Is there any rule to prostrations?

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Is there any rule to prostrations?

Postby Sonrisa » Sat Aug 14, 2010 8:45 pm

Are prostration styles exclusively particular among certain schools? For example, even though I practice Mahayana and not Vajrayana, I really like the Tibetan prostrations. When I do these, I feel sincerity with my whole body (and mind).

Or should I receive an empowerment to do a certain prostration?
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Re: Is there any rule to prostrations?

Postby Luke » Sat Aug 14, 2010 9:15 pm

Hi Sonrisa,

No, you don't need to receive an empowerment to do prostrations.

Yes, different Buddhist schools do prostrations differently. For example, Zen Buddhists have their own style of prostrations which is different than the Tibetan one. I've heard that Shingon Buddhists also do prostrations, but I'm not sure if they have their prostration style or not.

So, don't worry about anything. If you feel devotion to the Three Jewels, Bodhisattvas, or your own buddha-nature, prostrate away!
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Re: Is there any rule to prostrations?

Postby ronnewmexico » Sat Aug 14, 2010 9:30 pm

To add to the excellent comment already posted..... schools of Tibetam Buddhism do have specific trainings for those that want to specialize in this thing. Contact your local school to see if a lama may offer this training of you want to focus on this or use it for a particular aim. It is not to involved but if that is to be your focus you may want to explore that training. Do not try to pursue this online, as it should be taught directly

But as the other poster mentioned just doing them, is quite fine to do. You may consider a hand prayer wheel which is also very useful for that type of thing. A small device held in the hand which has mantra of good will within. When the wheel is spun by moving the hand gently good will is spread throughout the realm. So that may be nice to explore as well with a lama. It is especially useful if one has a busy mind and is on a bus or some such doing not much of anything the spiritual can be brought into play.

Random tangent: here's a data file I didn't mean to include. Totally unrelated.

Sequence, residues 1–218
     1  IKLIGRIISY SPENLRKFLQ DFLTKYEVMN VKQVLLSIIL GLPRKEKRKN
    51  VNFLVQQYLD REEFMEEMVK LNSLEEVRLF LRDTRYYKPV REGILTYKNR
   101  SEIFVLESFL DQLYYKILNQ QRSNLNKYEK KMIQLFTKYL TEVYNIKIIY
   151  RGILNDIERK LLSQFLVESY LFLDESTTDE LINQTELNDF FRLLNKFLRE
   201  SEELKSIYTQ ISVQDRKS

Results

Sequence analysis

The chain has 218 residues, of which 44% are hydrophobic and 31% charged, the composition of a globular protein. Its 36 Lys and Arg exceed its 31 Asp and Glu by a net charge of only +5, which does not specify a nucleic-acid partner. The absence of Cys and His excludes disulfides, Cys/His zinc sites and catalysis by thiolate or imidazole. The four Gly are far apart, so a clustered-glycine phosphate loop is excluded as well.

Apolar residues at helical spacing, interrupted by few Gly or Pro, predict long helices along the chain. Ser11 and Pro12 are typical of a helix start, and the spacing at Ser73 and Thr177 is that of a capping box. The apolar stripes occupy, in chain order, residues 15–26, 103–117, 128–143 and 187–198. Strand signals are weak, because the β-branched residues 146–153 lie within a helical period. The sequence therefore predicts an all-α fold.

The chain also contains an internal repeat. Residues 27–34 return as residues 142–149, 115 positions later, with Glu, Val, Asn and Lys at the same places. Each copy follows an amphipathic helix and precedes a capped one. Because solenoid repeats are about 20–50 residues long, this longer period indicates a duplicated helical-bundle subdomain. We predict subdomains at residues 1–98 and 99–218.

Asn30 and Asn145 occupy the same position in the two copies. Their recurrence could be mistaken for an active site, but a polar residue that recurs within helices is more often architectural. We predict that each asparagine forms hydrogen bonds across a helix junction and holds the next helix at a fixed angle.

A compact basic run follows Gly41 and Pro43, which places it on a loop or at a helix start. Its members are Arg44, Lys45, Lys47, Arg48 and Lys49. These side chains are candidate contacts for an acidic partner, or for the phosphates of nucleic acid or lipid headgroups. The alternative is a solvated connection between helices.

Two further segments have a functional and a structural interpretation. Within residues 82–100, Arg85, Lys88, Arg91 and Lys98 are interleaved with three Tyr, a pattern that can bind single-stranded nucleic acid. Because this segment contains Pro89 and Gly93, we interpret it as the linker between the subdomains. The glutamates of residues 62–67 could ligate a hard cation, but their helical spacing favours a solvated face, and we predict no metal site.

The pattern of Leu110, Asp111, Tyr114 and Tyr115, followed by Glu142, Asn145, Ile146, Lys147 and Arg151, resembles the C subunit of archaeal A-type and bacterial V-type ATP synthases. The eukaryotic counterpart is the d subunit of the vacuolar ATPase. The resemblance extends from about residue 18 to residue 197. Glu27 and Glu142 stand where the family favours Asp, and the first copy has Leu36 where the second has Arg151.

Like with prostrations one could just purchase one and do it...but a teacher may be helpful to display it in proper context.
"This order considers that progress can be achieved more rapidly during a single month of self-transformation through terrifying conditions in rough terrain and in "the abode of harmful forces" than through meditating for a period of three years in towns and monasteries"....Takpo Tashi Namgyal.
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Re: Is there any rule to prostrations?

Postby BFS » Sat Aug 14, 2010 10:53 pm

Couple of videos about prostrations with Venerable Thubten Chodron







more about Venerable, and the Abbey


http://www.thubtenchodron.org/SravastiAbbey/index.html
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Re: Is there any rule to prostrations?

Postby lisehull » Mon Aug 16, 2010 4:05 pm

I was at an empowerment this weekend and was rather startled when the sangha (I am a member of another center) leapt up and did vigorous prostrations when the lama entered the shrine room. The day of the empowerment they did NOT do this, just the day of the teachings.
Can anyone explain this disparity and why they seemed so frenetic about it?
:thanks:
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Re: Is there any rule to prostrations?

Postby Jikan » Mon Aug 16, 2010 4:23 pm

Sonrisa wrote:Are prostration styles exclusively particular among certain schools?


Japanese style prostrations are significantly different physically. I've done a lot of both and, frankly, the Tibetan style prostrations make more sense to me ergnomically.

I know some Korean schools do prostrations extensively but I'm not certain how it's done.
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Re: Is there any rule to prostrations?

Postby ronnewmexico » Mon Aug 16, 2010 6:01 pm

Lise

Just to venture a plausible....they had not completed a particular series of prostrations for a particular aim or ceremony, due to some time constraints in the prior meeting and the lama told them they could complete them before starting the other next one.....so they did.